Thursday, April 02, 2020

Teenage Parents in Central America

Teenage pregnancy is a challenge for poverty-stricken areas, because it reduces the chances the mother and child can escape that poverty. The mothers, of course, take on a disproportionate share of the responsibility, thus sacrificing other opportunities they might have. Teenage pregnancy is a huge issue in Latin America, and Honduras has one of the highest rates of the world. So why is this the case? My dad is co-author of a new study that examines it.

Holly B Shakya, Gary L Darmstadt, Kathryn M Barker, John Weeks, and Nicholas A Christakis, "Social normative and social network factors associated with adolescent pregnancy: a cross-sectional study of 176 villages in rural Honduras," Journal of Global Health 10, 1 (2020). Full text here.

This was a cross-sectional study looking at adolescent childbirth amongst women ages 15-20 years (N = 2990) in rural Honduras, using reproductive health data on all individuals ≥15 years of age (N = 24 937 of 31 300 population) including social network contacts, all of whom were interviewed as part of the study. The outcome, adolescent childbirth, was defined as having had a child < age 20 years. Predictors included whether a woman’s social contact had an adolescent childbirth and the social contact’s reported perception of community support for adolescent childbirth.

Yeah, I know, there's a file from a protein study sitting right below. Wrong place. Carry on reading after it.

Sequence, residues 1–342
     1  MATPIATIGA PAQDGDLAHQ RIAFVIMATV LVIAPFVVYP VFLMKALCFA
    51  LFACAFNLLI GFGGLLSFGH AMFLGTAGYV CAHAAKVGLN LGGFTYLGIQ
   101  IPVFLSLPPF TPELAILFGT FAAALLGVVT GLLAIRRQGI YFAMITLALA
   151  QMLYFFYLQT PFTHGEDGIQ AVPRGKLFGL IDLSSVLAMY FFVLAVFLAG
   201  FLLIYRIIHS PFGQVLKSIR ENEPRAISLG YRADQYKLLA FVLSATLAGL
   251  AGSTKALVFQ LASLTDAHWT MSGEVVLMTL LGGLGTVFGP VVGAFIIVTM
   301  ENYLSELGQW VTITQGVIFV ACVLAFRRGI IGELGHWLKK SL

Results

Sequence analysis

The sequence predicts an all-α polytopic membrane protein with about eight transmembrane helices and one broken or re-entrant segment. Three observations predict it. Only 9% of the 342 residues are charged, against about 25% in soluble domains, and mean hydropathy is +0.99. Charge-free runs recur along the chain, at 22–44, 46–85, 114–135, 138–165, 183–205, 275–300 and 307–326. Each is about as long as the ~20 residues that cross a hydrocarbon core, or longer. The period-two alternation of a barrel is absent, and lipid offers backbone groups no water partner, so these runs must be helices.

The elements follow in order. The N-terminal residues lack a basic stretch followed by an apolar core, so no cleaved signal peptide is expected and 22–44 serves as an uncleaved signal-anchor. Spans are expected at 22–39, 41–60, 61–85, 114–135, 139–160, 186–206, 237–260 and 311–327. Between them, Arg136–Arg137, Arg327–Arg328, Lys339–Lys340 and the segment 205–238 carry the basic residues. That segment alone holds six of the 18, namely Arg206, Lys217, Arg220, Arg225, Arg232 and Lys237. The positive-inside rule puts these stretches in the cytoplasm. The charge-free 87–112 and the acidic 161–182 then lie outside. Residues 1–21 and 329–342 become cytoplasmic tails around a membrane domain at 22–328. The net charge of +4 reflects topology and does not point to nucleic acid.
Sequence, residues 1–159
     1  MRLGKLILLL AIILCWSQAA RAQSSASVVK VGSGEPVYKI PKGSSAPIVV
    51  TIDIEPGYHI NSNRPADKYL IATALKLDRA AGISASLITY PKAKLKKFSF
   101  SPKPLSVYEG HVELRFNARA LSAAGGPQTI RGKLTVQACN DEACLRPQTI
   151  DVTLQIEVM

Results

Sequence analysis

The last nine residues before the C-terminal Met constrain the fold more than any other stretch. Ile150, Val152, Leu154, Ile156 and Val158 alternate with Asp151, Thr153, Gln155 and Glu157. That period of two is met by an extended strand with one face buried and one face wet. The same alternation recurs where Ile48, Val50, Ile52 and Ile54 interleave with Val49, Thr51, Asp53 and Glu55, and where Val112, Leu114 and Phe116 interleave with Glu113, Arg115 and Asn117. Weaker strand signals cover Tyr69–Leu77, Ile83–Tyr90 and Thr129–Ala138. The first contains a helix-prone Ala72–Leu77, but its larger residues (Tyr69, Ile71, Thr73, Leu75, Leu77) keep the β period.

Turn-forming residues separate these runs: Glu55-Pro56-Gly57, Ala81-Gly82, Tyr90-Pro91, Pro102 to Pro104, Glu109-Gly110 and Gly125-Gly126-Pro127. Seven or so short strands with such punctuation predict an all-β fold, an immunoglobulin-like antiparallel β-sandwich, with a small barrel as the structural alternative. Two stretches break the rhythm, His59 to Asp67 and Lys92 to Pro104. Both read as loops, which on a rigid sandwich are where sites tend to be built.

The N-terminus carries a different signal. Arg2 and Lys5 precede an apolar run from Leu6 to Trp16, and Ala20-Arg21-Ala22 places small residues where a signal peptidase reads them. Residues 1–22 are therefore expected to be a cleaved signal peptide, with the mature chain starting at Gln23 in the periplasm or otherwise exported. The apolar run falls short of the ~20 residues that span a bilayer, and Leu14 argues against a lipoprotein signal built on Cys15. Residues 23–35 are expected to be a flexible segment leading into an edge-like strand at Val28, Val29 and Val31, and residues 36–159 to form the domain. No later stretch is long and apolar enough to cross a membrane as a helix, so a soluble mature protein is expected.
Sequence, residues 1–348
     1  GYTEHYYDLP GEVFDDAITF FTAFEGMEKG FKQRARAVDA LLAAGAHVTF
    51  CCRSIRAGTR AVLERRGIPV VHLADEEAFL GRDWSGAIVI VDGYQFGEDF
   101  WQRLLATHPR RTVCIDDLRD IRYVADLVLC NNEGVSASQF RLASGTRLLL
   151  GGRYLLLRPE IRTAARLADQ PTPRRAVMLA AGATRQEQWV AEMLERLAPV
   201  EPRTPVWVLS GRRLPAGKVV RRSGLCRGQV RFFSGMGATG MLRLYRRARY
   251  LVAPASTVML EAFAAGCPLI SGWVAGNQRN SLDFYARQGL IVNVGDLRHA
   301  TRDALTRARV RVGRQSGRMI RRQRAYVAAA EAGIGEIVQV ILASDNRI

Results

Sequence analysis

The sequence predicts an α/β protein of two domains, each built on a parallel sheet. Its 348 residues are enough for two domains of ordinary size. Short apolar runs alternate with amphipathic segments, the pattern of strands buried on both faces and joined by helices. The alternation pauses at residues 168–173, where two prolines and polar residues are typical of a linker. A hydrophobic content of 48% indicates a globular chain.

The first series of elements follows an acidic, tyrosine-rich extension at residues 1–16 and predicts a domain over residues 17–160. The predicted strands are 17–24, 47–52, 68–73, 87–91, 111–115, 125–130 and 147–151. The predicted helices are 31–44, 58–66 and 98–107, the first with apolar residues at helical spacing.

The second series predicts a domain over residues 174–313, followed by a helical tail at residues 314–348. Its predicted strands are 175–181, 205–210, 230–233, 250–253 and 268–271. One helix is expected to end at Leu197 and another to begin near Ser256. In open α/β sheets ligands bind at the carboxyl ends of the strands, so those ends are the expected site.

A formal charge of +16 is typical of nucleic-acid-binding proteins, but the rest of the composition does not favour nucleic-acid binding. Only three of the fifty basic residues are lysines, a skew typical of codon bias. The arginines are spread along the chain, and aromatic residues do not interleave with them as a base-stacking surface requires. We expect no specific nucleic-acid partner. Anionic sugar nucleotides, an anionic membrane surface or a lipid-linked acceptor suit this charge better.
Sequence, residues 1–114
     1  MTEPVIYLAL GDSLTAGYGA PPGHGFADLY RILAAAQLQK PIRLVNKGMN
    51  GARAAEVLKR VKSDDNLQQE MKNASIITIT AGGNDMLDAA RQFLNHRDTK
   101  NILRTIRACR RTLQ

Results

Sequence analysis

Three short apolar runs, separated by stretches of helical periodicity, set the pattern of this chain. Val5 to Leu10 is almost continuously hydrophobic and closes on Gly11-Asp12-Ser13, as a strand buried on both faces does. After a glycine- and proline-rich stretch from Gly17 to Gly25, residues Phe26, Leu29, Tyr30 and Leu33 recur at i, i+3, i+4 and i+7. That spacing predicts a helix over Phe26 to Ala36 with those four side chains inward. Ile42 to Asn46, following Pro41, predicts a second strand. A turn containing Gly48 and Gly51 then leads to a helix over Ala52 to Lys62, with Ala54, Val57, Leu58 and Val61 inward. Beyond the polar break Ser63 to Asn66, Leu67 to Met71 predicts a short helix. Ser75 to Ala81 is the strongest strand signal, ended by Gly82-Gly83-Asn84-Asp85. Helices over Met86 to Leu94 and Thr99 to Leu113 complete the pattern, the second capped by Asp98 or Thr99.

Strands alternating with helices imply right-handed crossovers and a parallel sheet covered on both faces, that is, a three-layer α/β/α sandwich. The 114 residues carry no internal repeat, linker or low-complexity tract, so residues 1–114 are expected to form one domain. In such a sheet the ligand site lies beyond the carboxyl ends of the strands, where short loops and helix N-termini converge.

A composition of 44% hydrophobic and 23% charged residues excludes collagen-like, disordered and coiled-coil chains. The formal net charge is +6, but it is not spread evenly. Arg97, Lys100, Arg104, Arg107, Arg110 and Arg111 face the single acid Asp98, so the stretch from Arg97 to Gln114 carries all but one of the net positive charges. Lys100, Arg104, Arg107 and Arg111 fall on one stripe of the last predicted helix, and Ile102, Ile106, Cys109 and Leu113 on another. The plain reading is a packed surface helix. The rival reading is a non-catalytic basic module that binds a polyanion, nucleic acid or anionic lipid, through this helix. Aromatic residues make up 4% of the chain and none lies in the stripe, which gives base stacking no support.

The idea here is that a girl's social networks are all telling her this is normal and good. If, however, a government wants to decrease teenage pregnancy rates--as they typically do--then you walk a very fine line.
 If, as this evidence suggests, a strong driver of adolescent childbirth is the frequency of the occurrence of adolescent childbirth both within the greater community and within a girl’s proximal social network, the challenge for intervention strategies is to encourage norms that prevent adolescent childbirth without stigmatising those who have had an adolescent childbirth. Programmatic efforts to counter prevailing norms that limit a woman’s role to motherhood, and that support and encourage strong norms for girls’ education may play an important role in addressing this situation.
As is often the case, education is essential. They note later that education must also apply to the fathers--norms of positive and supportive fatherhood would also be beneficial in the case of pregnancy. Contraception, by the way, would also be nice, but perhaps next to impossible in some cultural contexts.


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